HARRISBURG - Gov. Rendell said Monday "there is no excuse" for lawmakers to put off dealing with how to pay for maintaining Pennsylvania's roads and bridges, setting the stage for a showdown over the state's growing transportation funding problem.
Rendell said he wants legislators to return in late August for a special session to map out a solution to closing a $472 million funding gap created when the federal government earlier this year rejected the state's proposal to put tolls on I-80.
The response from top Republican legislators: Wait till next year. They evince a growing desire to deal with the issue after a new governor is inaugurated in January.
"That's not acceptable," Rendell said Monday during a noon news conference in the Capitol. "We would lose $472 million of funding this year, and 100 bridge projects and over 300 road projects would have to be discontinued."
"We've got to act," he added. "This is the time for political courage."
Erik Arneson, spokesman for Senate Majority Leader Dominic Pileggi (R., Delaware), said that because there was no consensus on a funding plan, the current focus was on forthcoming Senate Transportation Committee hearings on the issue. One is scheduled for tomorrow, at which Rendell is expected to testify.
Arneson said that if the hearings produce a solution acceptable to all sides, "that would be terrific."
"It's not that there's a desire to wait until next year to resolve this, so much as it is an understanding that this is a difficult issue and a multifaceted issue" and could take time to resolve, Arneson said.
He and other Republicans dispute that there is an absolute deadline for action, while acknowledging there could be delays in road and bridge projects if the debate gets pushed to January.
Rendell had initially called for taxing profits of major oil companies or leasing the Pennsylvania Turnpike. Neither idea gained much support.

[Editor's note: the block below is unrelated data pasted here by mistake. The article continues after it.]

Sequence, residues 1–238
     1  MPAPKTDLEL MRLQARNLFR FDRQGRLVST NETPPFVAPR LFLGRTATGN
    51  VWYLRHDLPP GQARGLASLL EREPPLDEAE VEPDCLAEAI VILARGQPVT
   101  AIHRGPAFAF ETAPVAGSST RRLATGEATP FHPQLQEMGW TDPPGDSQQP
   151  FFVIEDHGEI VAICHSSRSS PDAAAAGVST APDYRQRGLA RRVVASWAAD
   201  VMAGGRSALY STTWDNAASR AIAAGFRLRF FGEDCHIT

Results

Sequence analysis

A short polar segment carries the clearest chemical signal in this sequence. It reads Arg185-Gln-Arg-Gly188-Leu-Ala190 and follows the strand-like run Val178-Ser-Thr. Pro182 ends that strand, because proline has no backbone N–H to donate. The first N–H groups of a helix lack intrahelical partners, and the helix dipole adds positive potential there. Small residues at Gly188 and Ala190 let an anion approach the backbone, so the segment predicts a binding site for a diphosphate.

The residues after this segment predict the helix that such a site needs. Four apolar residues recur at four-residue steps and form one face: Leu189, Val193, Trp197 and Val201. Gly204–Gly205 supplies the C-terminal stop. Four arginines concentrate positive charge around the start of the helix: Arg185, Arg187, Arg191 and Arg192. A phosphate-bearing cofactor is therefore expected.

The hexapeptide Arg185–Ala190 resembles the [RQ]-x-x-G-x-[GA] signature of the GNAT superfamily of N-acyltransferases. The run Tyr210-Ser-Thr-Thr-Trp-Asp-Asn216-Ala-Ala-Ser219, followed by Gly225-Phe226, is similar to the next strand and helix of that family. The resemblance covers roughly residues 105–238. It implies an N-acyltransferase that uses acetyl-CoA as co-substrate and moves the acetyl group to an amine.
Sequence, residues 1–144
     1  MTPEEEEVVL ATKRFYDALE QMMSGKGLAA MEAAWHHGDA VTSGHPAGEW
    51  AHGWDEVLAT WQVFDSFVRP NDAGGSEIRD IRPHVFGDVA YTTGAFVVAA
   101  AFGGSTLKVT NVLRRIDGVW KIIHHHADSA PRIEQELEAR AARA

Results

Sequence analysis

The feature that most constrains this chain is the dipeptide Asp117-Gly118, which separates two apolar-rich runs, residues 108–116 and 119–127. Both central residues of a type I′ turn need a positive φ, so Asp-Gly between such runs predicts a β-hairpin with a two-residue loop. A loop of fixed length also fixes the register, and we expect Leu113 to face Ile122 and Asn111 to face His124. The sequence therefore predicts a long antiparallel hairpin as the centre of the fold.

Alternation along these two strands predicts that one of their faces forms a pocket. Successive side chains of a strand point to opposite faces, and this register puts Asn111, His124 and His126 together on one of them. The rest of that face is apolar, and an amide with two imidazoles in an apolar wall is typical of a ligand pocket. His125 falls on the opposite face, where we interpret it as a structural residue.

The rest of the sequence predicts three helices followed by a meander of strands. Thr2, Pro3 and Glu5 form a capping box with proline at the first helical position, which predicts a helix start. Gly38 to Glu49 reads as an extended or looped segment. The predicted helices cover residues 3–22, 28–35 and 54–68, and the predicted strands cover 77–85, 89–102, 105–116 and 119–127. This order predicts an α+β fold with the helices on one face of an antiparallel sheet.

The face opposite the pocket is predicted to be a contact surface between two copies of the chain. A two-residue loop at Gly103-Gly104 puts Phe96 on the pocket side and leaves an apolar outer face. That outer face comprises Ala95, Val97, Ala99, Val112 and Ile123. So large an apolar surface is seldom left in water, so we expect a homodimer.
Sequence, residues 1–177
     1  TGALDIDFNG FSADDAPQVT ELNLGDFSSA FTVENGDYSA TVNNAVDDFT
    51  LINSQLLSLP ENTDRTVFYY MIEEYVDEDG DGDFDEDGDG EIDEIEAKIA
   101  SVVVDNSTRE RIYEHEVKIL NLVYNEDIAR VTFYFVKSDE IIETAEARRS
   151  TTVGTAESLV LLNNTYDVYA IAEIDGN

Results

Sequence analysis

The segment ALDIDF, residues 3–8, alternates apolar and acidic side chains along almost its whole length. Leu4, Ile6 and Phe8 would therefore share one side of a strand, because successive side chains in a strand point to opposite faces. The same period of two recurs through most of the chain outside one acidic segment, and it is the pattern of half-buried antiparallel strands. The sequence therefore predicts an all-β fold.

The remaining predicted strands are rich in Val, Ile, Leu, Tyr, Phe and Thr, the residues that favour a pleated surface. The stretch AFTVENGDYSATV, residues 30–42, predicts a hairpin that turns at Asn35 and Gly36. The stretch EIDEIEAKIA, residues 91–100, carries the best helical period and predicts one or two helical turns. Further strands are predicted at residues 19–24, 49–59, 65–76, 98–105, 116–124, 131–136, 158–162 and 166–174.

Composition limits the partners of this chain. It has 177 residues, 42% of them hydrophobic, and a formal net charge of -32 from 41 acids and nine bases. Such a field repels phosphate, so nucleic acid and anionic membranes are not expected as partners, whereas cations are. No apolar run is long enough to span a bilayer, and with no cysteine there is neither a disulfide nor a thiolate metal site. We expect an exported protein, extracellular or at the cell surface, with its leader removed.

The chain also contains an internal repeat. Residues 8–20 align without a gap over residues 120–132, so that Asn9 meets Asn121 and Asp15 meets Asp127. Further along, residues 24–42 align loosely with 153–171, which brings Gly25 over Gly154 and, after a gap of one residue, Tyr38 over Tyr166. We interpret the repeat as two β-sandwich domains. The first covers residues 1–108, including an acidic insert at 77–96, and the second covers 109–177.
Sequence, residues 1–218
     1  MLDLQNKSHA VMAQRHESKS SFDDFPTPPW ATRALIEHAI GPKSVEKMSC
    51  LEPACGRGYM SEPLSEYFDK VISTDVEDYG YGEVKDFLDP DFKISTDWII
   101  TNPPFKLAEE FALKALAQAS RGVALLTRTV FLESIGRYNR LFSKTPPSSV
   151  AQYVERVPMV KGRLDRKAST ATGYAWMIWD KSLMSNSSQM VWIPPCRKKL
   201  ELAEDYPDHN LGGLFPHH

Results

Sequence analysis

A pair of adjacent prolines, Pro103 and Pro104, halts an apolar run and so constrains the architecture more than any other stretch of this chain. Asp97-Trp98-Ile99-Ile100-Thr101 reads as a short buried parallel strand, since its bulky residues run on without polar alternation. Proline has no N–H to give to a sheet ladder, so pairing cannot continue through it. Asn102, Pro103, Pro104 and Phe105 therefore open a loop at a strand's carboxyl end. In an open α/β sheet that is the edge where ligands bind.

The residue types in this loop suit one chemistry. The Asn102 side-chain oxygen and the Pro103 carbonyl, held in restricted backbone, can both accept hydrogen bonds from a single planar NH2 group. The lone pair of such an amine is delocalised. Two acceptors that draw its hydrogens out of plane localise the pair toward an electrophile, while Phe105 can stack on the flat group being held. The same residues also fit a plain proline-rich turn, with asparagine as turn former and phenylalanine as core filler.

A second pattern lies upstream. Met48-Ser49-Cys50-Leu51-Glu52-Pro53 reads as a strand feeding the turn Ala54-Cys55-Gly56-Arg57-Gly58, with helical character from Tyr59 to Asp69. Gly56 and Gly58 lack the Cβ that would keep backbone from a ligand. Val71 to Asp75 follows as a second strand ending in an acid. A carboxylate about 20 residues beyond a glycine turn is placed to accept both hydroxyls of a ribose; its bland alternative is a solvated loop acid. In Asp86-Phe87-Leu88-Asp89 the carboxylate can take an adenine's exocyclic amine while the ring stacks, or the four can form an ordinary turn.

On Monday, he said he would sign on to raising all transportation fees - such as for driver's licenses, inspection stickers, and vehicle registrations - by the rate of inflation since the last time they were increased.
To support his argument, his office put out a fact sheet showing, for example, that the state's annual $36 car registration fee had not gone up since 1997 and that raising it to $45 would generate more than $70 million for road repairs.
Rendell said raising the various fees, together with a proposed increase in the gasoline tax of about 3 cents per gallon, would bring in the needed money. The gasoline tax currently is 31.2 cents a gallon, state officials said.
Rendell said he would also support "electronic surveillance" on the turnpike to generate an additional $30 million. Asked later to explain this, his spokesman, Gary Tuma, said the idea was to set up cameras that would snap photos of license plates so officials could determine if drivers' registrations and insurance were up to date - and fine them if they were not.
Most of those fees-and-fines proposals, like the call for an August session, got little traction in the Republican-controlled Senate.
Rendell had initially called for both chambers to convene a special session in Harrisburg on Tuesday to start talks on how to come up with road-repair money. But lawmakers are on summer break and not due to return until September.
Even then, they have only a handful of session dates scheduled before the November election, making it tough to tackle any big-ticket items.
And they already have their hands full. During June negotiations on the state budget, Rendell and top lawmakers agreed to put off until September the debate on several critical policy questions, including how to tax the extraction of natural gas from the Marcellus Shale. That could eat up a large chunk of the legislature's limited time.
All the more reason, Rendell said Monday, for the legislature to act now. "There is no excuse," he said.